Action demanded on Southern Water’s failings by 40 local authorities

Worthing Pier - ocean managed by Southern Water

Local authorities working together to demand action

Councillors from Adur and Worthing have teamed up with their counterparts from across the region to demand Southern Water clean up its act.

Representatives from more than 40 councils across the South East met to discuss how they could work together to better hold the water company to account over pollution and infrastructure failures.

The meeting was held in response to a series of issues that are affecting communities across the region.

In Worthing, work needs to be done to ensure sewer misconnections and uncertified discharges into the sea don’t degrade water quality or threaten marine ecosystems. Seawater in Adur faces similar threats, along with concerns about how the sewage infrastructure is coping with new developments in the area.

Whilst local authorities don’t have the power to directly regulate Southern Water, by working together the councils hope they can apply enough pressure to force the company to address its growing list of local failings.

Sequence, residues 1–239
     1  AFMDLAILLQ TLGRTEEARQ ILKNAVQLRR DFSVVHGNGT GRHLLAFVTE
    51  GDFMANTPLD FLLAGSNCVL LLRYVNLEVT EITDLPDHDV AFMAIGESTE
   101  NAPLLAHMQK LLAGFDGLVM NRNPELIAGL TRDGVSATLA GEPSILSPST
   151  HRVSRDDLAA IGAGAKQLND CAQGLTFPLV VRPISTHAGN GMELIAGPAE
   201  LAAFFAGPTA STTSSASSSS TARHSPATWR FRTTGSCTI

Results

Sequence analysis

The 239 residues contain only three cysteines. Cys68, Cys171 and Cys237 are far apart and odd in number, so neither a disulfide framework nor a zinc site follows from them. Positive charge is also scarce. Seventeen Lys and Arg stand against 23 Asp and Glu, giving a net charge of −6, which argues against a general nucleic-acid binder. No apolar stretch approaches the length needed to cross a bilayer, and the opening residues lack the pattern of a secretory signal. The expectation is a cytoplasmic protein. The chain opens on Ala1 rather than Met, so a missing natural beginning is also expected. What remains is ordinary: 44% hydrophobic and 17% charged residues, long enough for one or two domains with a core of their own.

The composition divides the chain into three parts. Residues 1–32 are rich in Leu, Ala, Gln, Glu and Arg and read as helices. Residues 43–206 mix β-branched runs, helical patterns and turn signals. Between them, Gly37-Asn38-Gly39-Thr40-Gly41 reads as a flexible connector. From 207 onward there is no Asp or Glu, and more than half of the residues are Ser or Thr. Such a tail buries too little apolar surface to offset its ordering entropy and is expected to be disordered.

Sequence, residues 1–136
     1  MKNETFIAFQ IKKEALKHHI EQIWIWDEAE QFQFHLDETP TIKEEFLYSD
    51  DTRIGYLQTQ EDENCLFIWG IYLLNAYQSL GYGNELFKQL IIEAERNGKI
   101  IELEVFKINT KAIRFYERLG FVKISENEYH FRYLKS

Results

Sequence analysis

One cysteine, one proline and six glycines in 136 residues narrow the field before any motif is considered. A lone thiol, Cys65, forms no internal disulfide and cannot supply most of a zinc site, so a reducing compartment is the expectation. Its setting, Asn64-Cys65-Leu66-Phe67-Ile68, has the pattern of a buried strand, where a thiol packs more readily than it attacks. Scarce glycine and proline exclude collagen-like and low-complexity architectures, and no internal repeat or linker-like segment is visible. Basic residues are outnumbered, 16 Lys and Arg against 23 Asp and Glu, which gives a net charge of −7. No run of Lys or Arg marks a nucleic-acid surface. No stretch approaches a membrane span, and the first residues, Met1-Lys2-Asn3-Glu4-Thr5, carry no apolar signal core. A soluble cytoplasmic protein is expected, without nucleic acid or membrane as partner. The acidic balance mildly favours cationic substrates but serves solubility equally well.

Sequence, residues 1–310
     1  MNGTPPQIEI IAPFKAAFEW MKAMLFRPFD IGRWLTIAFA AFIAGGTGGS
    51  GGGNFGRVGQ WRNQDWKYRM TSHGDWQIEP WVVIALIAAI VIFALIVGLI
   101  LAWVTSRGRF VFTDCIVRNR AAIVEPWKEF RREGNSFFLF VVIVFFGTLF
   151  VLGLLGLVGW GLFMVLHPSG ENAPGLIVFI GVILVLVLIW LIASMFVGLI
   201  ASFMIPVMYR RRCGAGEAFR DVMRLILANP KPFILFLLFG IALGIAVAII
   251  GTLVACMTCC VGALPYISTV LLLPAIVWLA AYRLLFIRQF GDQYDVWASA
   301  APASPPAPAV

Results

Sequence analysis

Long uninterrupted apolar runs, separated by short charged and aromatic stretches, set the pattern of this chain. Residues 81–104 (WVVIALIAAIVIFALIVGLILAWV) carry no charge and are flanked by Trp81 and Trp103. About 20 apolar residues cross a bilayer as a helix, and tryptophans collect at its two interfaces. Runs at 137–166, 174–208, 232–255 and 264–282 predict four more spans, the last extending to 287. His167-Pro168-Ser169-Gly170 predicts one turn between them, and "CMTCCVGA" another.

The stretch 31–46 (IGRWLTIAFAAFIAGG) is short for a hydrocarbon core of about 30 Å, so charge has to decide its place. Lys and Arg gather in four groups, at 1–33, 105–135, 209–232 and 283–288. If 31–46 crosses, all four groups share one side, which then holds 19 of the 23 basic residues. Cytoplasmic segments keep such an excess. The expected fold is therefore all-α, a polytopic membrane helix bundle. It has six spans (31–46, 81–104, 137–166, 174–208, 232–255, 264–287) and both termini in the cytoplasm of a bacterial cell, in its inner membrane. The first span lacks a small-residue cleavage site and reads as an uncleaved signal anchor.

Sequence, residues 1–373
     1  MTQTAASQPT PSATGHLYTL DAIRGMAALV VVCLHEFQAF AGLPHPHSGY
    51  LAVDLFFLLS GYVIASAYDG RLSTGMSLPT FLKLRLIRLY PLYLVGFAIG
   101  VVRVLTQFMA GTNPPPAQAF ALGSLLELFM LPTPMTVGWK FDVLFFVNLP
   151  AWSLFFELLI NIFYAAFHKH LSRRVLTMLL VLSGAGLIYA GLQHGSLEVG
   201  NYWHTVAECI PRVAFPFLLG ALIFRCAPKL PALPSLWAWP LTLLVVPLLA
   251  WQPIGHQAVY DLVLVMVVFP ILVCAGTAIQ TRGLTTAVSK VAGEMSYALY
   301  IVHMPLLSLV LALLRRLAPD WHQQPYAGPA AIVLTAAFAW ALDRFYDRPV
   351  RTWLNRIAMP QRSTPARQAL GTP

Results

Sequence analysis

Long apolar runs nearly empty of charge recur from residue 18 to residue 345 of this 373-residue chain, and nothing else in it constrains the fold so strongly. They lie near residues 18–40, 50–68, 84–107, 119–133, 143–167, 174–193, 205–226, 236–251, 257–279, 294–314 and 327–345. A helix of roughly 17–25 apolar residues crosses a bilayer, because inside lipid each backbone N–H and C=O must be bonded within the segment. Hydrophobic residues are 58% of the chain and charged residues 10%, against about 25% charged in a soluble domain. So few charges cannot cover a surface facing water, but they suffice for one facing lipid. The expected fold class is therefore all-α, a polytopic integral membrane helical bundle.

The meeting follows previous action by both Adur and Worthing to demand the water company prevent pollution damaging the shoreline.

Pressuring Southern Water to prevent water pollution

Worthing has applied for the stretch of sea off Beach House to be designated by the government as bathing water, and intends to do the same in the west of the town. If the requests are agreed, the Environment Agency would regularly test the seawater quality, putting extra pressure on Southern Water to prevent pollution leaks.

Adur is demanding the water company invest in its infrastructure to prevent sewage discharges into the sea. The growth of new developments, in particular around Shoreham, is putting extra pressure on a local sewage system that is struggling to cope with demand.

Cllr Vicki Wells, Worthing’s Cabinet Member for the Environment, said: “It has never been more important to ensure the quality of our coastal water, and to hold Southern Water to account for its role in uncertified releases of sewage off our foreshore.

“In Worthing we continue to press Southern Water for greater local water monitoring, a resumption of misconnections work and to fund surface water reduction initiatives to help stop these appalling releases into our treasured coastal waters. This new group has come together with a united and strong voice to say that enough is enough.”

Cllr Steve Neocleous, Adur’s Cabinet Member for Regeneration and Strategic Planning, said: “Southern Water must not only hear us but must act on our concerns. All the councils represented at the meeting had similar issues, and we hope that collectively we will be able to bring some pressure to bear on Southern Water.

“In Adur specifically we want Southern Water to pay particular attention to the cumulative effect of developments on the sewage network, rather than looking at individual sites in isolation.”


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